Figure 1: Redshift distribution for clusters of given SZ flux density in the two cosmological models -- critical (solid lines) and open with (dashed lines); see Table 1 for the model parameters. The curves are drawn for and , corresponding to the VLA and RT objects, respectively, when translated to . For clarity, the two curves for the critical model are not labelled explicitly. We adopt .
The Sunyaev--Zel'dovich effect offers unique advantages for finding high redshift clusters and quantifying their abundance. The surface brightness of a cluster relative to the unperturbed CMB is expressed as a product of a spectral function, , and the Compton -parameter, which is an integral of the electron pressure along the line-of-sight: . Integrating the surface brightness over solid angle yields the following functional form for the total flux density of a cluster with angular size :
where is the total, virial mass of the cluster, is the hot gas mass fraction of clusters and is the angular-size distance. In the last line, we have used the fact that there exists a tight relation between X-ray temperature and virial mass: (Evrard et al. (1996)). Let's compare this with the corresponding expression for the X-ray flux of a cluster:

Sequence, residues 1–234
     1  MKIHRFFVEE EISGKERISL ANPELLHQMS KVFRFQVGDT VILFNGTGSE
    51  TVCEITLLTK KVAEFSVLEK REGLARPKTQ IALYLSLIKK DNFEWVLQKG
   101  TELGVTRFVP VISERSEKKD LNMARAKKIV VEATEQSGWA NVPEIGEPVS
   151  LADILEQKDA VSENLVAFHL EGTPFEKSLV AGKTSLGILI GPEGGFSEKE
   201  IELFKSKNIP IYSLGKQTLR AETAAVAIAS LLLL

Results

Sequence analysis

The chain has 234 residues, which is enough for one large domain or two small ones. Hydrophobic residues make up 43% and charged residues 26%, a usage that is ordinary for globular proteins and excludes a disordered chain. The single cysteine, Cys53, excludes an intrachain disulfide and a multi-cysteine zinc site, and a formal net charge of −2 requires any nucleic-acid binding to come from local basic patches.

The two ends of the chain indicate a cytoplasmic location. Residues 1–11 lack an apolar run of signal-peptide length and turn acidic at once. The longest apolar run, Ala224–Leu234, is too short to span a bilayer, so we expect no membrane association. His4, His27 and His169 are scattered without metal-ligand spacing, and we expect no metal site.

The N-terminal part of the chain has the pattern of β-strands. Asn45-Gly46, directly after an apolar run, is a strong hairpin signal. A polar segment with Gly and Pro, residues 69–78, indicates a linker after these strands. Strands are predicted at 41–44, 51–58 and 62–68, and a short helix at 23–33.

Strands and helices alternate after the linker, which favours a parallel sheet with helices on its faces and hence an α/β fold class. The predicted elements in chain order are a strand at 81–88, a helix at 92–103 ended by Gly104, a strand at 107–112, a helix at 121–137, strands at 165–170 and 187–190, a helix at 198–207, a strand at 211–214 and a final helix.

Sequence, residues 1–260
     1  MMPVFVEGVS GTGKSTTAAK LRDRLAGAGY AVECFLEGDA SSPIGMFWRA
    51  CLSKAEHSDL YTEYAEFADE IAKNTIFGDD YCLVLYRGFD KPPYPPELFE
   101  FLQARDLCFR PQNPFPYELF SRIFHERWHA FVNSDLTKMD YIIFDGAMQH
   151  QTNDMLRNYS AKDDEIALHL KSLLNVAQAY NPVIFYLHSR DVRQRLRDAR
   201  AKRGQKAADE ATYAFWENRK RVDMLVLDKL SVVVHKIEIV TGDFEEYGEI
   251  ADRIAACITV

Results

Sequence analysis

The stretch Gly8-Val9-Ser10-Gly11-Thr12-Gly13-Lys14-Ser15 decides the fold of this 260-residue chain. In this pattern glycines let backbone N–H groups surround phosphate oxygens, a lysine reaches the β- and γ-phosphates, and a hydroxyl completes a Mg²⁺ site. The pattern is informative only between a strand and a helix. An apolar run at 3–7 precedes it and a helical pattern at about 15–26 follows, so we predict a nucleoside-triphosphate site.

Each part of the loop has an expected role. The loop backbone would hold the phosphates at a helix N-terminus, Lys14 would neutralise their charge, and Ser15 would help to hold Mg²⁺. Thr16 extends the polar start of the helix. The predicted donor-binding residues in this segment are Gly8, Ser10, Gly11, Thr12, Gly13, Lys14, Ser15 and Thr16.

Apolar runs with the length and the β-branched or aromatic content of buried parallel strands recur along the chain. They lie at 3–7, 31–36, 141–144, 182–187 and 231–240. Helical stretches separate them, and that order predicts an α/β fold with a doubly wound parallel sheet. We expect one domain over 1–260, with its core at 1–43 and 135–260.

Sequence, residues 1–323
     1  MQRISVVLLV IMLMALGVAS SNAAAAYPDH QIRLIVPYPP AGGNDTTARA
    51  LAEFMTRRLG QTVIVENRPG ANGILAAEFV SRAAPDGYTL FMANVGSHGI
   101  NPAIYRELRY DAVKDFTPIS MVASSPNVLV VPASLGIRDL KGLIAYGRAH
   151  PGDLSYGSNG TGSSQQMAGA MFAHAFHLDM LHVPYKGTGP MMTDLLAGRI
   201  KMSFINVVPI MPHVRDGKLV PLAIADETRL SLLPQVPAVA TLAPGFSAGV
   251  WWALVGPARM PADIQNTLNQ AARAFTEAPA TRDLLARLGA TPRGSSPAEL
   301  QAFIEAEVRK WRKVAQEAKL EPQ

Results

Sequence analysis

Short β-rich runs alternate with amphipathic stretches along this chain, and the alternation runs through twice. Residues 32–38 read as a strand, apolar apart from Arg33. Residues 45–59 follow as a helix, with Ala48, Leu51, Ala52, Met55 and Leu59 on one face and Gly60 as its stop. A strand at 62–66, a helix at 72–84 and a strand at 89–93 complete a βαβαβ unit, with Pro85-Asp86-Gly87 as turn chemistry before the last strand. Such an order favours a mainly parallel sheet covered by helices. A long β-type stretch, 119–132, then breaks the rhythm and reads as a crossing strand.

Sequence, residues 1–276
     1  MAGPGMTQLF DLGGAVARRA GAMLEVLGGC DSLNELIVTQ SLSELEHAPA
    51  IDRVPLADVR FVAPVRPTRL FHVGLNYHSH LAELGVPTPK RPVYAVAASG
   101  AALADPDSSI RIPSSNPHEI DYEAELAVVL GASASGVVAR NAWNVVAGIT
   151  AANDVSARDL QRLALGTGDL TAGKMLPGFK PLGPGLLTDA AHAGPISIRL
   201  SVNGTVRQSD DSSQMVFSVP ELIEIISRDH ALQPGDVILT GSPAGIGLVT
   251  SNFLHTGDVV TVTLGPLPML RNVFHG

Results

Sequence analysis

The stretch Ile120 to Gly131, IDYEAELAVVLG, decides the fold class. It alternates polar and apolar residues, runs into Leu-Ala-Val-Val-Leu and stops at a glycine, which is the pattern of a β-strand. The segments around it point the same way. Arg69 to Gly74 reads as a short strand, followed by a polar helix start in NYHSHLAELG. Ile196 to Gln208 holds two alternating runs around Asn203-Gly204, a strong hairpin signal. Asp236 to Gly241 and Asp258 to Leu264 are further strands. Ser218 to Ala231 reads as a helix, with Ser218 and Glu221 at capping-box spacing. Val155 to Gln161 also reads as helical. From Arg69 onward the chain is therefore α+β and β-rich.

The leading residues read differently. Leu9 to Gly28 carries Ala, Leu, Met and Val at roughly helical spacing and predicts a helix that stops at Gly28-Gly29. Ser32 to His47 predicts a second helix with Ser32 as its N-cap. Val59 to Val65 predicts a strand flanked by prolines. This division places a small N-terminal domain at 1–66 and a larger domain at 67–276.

with denoting the luminosity distance. By comparing these two expressions we see that, in contrast to the SZ flux density, the X-ray flux suffers cosmological surface brightness dimming, represented by the extra factors of in the denominator of Eq. (4) which convert the angular-size distance to the luminosity distance. Besides this well-known difference, which tells us that the SZ effect is the more efficient way to find high-redshift clusters, we note that the X-ray emission depends on the gas density in addition to the hot gas mass fraction and temperature. This is unfortunate, because it means that the X-ray flux from a cluster depends on the core radius and profile of the intracluster medium (ICM) -- two quantities which are poorly, if at all, understood from the theoretical point of view. The SZ flux density presents the important advantage that it depends only on the total gas mass and the temperature, and not on the ICM's distribution. It is also true that the temperature which appears in the expression for the SZ flux density is a simpler quantity than the X-ray measured temperature: it is the mean, particle-weighted energy of the gas particles instead of, as in the case of X-rays, the emission-weighted gas temperature. This SZ temperature is a quantity which should be all the more closely related to the virial mass of a cluster than even the X-ray temperature, and less affected by any temperature structure in the cluster.